Several cohort studies observed an association between insulin resistance, diabetes, and metabolic syndrome in HIV-seropositive individuals whose CART regimen included protease inhibitors , , , , . However those cohorts were composed mostly of men, and studies of cohorts of women have produced conflicting findings , , , . In this study, we observed no associations between the use of CART, use of protease inhibitors, or the CPE with either IR dysfunction or HAND. Hence, there is a need to study this issue further in women, and identify factors that could contribute to the development of insulin resistance in HIV-seropositive women, such as IR dysfunction.
We observed a significant positive association between full-length sIR levels and the presence and severity of HAND in a cohort of HIV-seropositive women without history of abnormal glucose metabolism. These findings may suggest that asymptomatic glucose abnormalities as determined by a significant decrease in IRS-1 tyrosine phosphorylation may impact cognitive function in HIV-seropositive women , .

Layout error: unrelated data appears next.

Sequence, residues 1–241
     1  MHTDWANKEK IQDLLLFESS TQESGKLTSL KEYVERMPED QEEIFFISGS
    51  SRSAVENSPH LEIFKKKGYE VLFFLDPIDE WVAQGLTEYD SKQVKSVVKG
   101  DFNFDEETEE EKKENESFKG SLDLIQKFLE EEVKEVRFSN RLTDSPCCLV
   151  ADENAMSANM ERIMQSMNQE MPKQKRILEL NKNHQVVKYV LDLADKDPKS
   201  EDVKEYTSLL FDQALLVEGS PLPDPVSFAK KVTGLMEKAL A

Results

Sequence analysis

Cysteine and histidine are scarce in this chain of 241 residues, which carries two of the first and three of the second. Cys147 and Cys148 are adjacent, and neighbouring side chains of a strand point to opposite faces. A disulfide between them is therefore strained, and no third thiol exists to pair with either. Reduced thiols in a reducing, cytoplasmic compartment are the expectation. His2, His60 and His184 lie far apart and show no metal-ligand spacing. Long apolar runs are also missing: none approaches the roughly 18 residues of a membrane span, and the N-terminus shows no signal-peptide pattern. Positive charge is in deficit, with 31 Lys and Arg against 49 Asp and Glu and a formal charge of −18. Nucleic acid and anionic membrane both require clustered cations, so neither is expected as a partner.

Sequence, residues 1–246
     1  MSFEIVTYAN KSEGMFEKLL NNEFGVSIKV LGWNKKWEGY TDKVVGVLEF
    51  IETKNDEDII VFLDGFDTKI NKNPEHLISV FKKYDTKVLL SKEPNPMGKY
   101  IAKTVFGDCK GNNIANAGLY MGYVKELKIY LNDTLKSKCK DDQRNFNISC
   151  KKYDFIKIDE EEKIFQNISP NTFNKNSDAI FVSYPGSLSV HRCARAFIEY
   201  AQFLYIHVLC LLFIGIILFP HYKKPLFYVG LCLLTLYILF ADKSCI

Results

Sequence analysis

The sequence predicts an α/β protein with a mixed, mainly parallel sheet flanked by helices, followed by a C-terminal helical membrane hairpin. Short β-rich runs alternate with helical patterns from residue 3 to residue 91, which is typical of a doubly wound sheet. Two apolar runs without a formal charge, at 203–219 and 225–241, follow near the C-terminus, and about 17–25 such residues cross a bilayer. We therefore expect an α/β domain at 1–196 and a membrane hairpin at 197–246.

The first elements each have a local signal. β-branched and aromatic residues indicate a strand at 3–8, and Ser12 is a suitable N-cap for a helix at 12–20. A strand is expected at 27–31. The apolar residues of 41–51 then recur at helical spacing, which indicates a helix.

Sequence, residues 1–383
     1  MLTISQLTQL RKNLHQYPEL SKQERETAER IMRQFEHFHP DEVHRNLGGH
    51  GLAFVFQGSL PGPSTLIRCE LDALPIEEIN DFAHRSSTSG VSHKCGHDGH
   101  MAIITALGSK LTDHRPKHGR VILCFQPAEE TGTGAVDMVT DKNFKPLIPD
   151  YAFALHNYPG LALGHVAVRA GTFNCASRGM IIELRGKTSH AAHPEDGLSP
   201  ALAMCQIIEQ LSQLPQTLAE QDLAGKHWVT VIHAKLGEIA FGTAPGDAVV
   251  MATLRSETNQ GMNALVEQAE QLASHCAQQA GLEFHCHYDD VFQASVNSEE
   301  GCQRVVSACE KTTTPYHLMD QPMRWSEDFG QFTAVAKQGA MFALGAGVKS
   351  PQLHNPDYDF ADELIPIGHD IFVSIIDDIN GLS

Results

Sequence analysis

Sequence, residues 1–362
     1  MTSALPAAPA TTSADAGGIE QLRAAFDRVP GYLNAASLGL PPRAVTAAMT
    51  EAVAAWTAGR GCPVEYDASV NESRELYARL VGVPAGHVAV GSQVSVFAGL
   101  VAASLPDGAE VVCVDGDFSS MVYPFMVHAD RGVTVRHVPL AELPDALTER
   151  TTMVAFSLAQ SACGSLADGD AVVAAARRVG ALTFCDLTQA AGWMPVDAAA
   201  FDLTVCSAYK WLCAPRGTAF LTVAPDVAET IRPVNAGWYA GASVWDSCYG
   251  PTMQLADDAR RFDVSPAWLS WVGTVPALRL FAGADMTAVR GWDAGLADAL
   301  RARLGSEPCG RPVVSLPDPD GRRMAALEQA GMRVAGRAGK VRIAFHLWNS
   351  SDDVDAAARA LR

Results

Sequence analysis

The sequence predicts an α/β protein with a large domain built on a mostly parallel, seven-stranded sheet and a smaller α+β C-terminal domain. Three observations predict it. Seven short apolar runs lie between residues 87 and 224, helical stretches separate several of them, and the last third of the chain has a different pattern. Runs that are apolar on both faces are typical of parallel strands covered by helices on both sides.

The brain is no longer considered an insulin-insensitive organ. It has been shown that insulin crosses the blood brain barrier (BBB) and that insulin receptors are widely distributed in the brain. Brain IRs are found on both astrocytes and neurons , , , and in the human brain, the highest density of IR is found in the hippocampus and cerebral cortex . Insulin receptor and the type 1 insulin-like growth factor receptor have been shown to have essential roles in energy homeostasis, neuronal growth and survival, and synaptic plasticity (Reviewed in , , , ). A difference has been observed between brain and peripheral IRs, with the brain IR having smaller alpha (α) subunit , . However, once the brain IR is activated by insulin the signaling effects are the same as in the periphery. Hence, its activation will mediate insulin-induced glucose transport into neurons and activate the signal-transduction pathway for energy production and protein synthesis .
We observed a significant increase in levels of CSF sIR in women with HAND. sIR in the CSF which may be generated by several mechanisms, including secretion from astrocytes, neurons, or PBMCs that cross the BBB, brain tissue injury, or plasma sIR that crosses the BBB. In our study CSF sIR levels were similar to plasma sIR levels, suggesting a passive transfer from the blood. However, we can not exclude the possibility of brain IR contribution.